Essay by Stephen Lyons
Humor – February 2000 – Colorado Central Magazine
ONLY FOOLS PREDICT the future, which is why I’m perfect for the job.
What a century it’s been! Who could have guessed that you could get a decent cup of coffee in southeastern Utah and that three rare species would make incredible comebacks: rottweilers, condors, and Jerry Brown. Who had the vision to predict that one of the most popular bumper stickers in eastern Washington would say, “Save Our Dams”? Or that Ted Turner would own 1 percent of all the land in New Mexico?
This next century will be filled with more technological wonders, including genetically-altered carrots that recite the Gettysburg Address and computers so tiny that you won’t know if you are actually using them. An additional five billion friendly humans will come onboard Spaceship Earth by mid century to help fill all those Wal-Mart jobs.
Children born today may live to be 120, though they will continue to be a pain-in-the-neck as teenagers. The Rolling Stones will turn 200 and still be performing. Hybrid SUV’s will come on the market, powered by half gasoline, and a half a ton of coal. Who knows: you might even receive your luggage at the Denver International Airport.
Still, some predictions remain to be made that are uniquely western.
Here’s a few news stories we can all look forward to in the coming century:
* Western senators attempt to block the expansion of wilderness web sites, claiming they will cost thousands of jobs in the timber and mining industry.
* Ted Turner buys the rest of Montana.
* Idaho’s Coeur d’Alene Tribe, financially flush from bingo revenues, purchases a National Hockey League team. The tribe changes the team’s name from “Redskins” to “White Honky Dog Breath” (“Euro Trash Collectors” for short).
* During a nasty spring storm, Wyoming blows away. No one notices, not even Wyoming residents.
* The Farm Bureau solves the Northwest salmon crisis by releasing robot sockeyes with sufficient artificial intelligence to negotiate the 300 dams now operating on the Columbia and Snake rivers. The Bureau proposes robots to replace all endangered species and large murals to replace wetlands.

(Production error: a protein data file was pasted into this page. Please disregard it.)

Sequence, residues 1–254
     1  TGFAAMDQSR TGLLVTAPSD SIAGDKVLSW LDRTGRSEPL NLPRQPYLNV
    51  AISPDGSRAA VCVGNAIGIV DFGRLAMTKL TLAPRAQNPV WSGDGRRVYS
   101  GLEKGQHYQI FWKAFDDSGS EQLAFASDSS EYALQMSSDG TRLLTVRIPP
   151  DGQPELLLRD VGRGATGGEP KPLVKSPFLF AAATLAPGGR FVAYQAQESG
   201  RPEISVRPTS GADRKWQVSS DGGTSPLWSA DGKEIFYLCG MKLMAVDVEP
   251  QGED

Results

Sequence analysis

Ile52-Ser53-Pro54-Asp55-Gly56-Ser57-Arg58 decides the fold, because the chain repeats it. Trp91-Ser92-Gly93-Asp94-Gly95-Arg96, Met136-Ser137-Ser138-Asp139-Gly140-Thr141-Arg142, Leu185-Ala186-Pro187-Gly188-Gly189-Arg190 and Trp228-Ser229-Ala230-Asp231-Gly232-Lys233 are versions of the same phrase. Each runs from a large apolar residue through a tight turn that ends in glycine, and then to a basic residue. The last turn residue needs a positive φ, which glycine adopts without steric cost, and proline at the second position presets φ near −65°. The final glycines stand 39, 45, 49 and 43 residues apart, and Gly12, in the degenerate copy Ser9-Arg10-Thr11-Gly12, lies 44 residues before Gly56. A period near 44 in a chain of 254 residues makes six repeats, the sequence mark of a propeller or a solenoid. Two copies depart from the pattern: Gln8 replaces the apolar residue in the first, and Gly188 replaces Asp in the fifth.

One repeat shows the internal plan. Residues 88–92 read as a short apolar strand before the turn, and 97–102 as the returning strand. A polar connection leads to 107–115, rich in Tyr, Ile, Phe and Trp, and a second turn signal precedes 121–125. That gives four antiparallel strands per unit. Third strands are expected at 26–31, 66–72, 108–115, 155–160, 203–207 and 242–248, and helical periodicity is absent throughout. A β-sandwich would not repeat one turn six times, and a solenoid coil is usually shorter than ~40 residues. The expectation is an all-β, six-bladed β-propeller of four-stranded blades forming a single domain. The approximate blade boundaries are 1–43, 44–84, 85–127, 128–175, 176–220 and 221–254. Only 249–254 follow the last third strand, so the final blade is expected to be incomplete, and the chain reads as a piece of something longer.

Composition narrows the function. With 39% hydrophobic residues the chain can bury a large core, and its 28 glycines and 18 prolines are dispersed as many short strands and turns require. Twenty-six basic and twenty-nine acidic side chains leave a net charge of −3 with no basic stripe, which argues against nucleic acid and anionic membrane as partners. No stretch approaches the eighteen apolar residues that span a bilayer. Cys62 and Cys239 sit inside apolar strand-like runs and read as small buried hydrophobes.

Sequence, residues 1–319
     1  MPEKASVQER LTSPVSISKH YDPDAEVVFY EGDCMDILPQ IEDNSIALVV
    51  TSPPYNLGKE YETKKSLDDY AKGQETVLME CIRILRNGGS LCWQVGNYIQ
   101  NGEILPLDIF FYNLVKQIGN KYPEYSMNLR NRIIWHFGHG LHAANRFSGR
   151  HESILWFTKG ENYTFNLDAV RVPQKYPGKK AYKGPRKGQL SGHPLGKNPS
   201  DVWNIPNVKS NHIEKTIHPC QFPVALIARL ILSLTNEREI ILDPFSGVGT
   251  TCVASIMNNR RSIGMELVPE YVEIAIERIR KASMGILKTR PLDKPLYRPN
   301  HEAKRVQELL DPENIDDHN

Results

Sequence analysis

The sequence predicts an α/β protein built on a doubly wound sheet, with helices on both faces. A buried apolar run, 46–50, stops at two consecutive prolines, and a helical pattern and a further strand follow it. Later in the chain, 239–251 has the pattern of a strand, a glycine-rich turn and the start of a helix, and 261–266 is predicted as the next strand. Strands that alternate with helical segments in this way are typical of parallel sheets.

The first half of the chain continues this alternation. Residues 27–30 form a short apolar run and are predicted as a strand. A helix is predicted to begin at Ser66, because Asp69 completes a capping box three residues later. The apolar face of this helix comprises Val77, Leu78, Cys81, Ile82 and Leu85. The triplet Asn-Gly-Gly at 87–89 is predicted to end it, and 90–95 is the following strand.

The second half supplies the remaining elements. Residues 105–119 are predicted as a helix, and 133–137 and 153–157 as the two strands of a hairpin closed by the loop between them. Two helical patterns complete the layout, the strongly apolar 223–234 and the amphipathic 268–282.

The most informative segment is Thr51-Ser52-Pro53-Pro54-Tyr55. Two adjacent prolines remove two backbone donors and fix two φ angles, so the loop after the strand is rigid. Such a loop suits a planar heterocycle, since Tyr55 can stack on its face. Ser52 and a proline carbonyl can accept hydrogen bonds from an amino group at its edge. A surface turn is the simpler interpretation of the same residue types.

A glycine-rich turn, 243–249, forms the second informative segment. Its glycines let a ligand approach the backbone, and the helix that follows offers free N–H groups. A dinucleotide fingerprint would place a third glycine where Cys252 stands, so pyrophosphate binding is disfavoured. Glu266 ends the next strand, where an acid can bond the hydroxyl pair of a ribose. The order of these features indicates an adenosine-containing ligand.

* Ted Turner buys the rest of New Mexico, except for Gallup.
* The Aryan Nations disband because of inbreeding and an over-consumption of white bread, processed sugar and Velveeta.
* After years of study, painted cattle guards are declared “ineffective.” The beef industry calls the findings politically motivated.
* New age capital of the world, Sedona, Ariz., vanishes in a fit of mellowness and harmony. A batch of bad crystals from Santa Fé is blamed.
* The first six-headed baby is born downwind from Washington’s Hanford Nuclear Reservation. Engineers deny any connection to stored nuclear waste and blame a new genetic predisposition for multiple heads and the work of radical environmentalists.
* The first Hispanic governor is elected in Idaho and immediately declares the state a Spanish-speaking-only state.
* The first confirmed case of brucellosis is found … on Mars.
* Texas annexes Colorado. No one detects any difference.
* Burning Man Festival is renamed Burning Person Festival. Tiny Town, Colorado, is renamed Little People Town.
* Utah turns over Zion National Park, Orrin Hatch and Jazz power forward Karl Malone to the International Olympic Committee, thus completing the original deal that brought the 2002 Winter Olympics to Salt Lake City.
* Vail, Colorado citizens riot when a shipment of brie is stuck in a snowstorm on Loveland Pass. A lippo-suction clinic and juice bar sustain moderate damage.
* Earth First! admits grammatical error, drops exclamation point from its name, but might consider a question mark.
* In its voracious quest for fresh drinking water, Phoenix — population 16 million — accidentally drills through to the Indian Ocean. Las Vegas follows suit the next year.
* Residents of an exclusive Sun Valley, Idaho, gated community are locked inside for three months because someone misplaced the key. They survive on ample supplies of beluga caviar and Perrier.
* Scientists discover Jack-a-lopes in northern Nevada, but the U.S. Fish and Wildlife Service denies the species protection under pressure from the state’s congressional delegation.
* After a 700-year absence, the Anasazi people return to the Four Corners area, but leave after a month, citing “cultural differences.”
* Idaho Congressman Charles Chenoweth-Hage-Symns-Kempthorne-Burton-Gingrich warns against coming Y3K crisis. “Be ready. This time it’s real.”
Stephen Lyons is a contributor to Writers on the Range, a service of High Country News (http://www.hcn.org). He ponders the future from Pullman, Washington.